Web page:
“Four months on – essential workers and the pandemic”.
A webinar featuring talks by Elizabeth Pellerito, Anna Rosińska, Cleovi C. Mousela and Kamila Fiałkowska
Date: 6 July 2020
Over the past four months, we have all learned that range of skills, professions and workers are especially needed in a pandemic. At the same time, many essential workers experience highly precarious working conditions, without proper contracts and health insurance, who are treated as the so-called “disposable workers”, to be fired and hired depending on the need. In addition, from doctors, nurses, and care workers to delivery drivers, shelf stackers and strawberry pickers, many of these “essential workers” come from abroad. Importantly, until not long ago, many of them, now deemed essential, were called unskilled labour. Essential workers were key to our economies and societies before the pandemic and are likely to become even more essential in the recovery to sustain our weakened economies and societies. How are these workers experiencing work during COVID-19? Is the realization of their importance, evident in the discourse on essential workers, making an impact on their working and living conditions? Can we identify the inequalities, which were accentuated because of the pandemic? Where are we at four months on since the pandemic started, is there a scope for change or is it “business as usual”? How do the workers experiences vary in different countries, ranging from differences between EU countries as Germany and Poland, but also Europe and the United States?
Elizabeth Pellerito, Ph.D. organized university employees including faculty, staff, graduate students, researchers, postdocs, and librarians in Oregon and Michigan before joining the Labor Education Program at the University of Massachusetts Lowell in 2018, where she is now Director. She is on the boards of the Bread & Roses Heritage Festival and the Women’s Institute for Leadership Development. Elizabeth is experienced in training union members and leaders on a wide variety of topics. She is particularly interested in trauma-informed organizing and how unions can combat sexual assault, sexual harassment and intimate partner violence.
Anna Rosińska, (formerly Kordasiewicz) is a Marie Skłodowska-Curie Fellow at that Ca’ Foscari University of Venice and a visiting scholar at the University of Massachusetts Lowell (2018-2021). She has studied paid domestic and care work in Italy, Poland, and the United States. Anna Rosinska has obtained her Ph.D. in sociology at the Department of Philosophy and Sociology, University of Warsaw in 2011. She has published an awarded book on paid domestic work in postwar Poland “(U)sługi domowe”, WUMK, 2016. She has worked at the Centre of Migration Research, Warsaw, and co-authored a monograph “Ethnomorality of care. Migrants and their aging parents”, Routledge, 2019, together with A. Radziwnowiczówna and W. Kloc-Nowak. Her current project is “MAJORdom. Intersections of class and ethnicity in paid domestic and care work: theoretical development and policy recommendations based on the study of ‘majority workers’ in Italy and in the USA”. Find out more at her research page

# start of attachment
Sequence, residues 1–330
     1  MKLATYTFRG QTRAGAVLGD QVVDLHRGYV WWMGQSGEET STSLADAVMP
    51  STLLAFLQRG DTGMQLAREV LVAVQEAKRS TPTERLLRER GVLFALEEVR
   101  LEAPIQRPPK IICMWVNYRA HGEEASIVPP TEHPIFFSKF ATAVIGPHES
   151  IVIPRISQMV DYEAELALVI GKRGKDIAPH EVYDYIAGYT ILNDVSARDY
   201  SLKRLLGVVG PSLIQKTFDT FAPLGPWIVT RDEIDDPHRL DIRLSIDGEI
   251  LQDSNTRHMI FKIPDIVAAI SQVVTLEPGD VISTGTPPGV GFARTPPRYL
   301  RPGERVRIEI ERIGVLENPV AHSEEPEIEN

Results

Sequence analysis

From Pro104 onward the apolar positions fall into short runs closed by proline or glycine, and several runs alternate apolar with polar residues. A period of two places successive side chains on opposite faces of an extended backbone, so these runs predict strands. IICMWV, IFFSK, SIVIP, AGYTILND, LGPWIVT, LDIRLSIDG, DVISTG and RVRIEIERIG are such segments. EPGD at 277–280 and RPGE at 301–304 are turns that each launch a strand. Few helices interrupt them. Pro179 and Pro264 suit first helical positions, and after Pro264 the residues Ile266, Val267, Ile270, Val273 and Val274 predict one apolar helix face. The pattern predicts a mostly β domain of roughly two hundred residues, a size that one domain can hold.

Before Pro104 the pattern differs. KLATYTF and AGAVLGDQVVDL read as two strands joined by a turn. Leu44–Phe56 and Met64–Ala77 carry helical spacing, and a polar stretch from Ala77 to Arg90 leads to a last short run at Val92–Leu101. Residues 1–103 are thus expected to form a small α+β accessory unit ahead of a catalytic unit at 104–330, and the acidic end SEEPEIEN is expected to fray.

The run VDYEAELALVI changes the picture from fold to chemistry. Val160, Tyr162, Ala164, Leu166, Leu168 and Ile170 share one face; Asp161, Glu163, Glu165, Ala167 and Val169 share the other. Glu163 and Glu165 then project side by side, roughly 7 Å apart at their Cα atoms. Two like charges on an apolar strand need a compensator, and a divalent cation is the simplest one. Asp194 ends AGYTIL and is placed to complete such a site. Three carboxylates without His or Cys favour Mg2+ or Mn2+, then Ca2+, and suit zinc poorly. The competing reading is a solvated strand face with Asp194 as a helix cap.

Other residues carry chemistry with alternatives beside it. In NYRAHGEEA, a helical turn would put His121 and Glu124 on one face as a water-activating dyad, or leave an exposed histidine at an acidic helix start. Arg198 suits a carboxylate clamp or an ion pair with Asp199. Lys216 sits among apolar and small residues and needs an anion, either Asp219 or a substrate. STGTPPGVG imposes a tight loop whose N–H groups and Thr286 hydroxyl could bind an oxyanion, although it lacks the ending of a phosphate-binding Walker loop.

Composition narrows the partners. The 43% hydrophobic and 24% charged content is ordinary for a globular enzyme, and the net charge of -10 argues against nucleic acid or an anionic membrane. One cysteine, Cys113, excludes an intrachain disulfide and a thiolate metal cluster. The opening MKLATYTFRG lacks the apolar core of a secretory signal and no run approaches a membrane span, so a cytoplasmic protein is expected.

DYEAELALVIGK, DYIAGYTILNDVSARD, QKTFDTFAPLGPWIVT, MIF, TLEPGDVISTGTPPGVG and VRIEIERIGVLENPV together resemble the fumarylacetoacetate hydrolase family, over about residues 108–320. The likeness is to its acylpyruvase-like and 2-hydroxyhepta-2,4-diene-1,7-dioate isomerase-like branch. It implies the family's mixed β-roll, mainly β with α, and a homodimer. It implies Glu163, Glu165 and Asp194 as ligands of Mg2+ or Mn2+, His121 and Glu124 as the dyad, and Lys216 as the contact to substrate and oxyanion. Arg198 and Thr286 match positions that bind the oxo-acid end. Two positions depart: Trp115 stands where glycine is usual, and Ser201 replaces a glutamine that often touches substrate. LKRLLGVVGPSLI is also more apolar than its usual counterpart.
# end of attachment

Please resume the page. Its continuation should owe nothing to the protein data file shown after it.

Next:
Cleovi C. Mousela, is a postdoctoral researcher at the Faculty of Sociology, Bielefeld University, Germany and a visiting fellow at Lancaster Environment Centre, Lancaster University, UK. Her research interests include migration-mobility – its relationship with labor, development, security, and environmental change – decolonization and care ethics. She is currently working on a project on migrant precariousness and caring practices in the context of climate change. She has recently published her first book entitled, ‘Recuperating the Global Migration of Nurses.’
Kamila Fiałkowska, is a researcher at the Centre of Migration Research, University of Warsaw. Her research interests revolve around gender relations in migratory settings, masculinity studies and family relations, construction of national and gender identities. Involved in the study of Polish Roma migrations to Germany and Great Britain and temporary migrations (especially seasonal farm workers).
CMR UW Migration Seminars: New Advances in Theory and Research on Migration
A series of lecture with leading scholars, providing a platform for discussing current achievements in migration research in the world.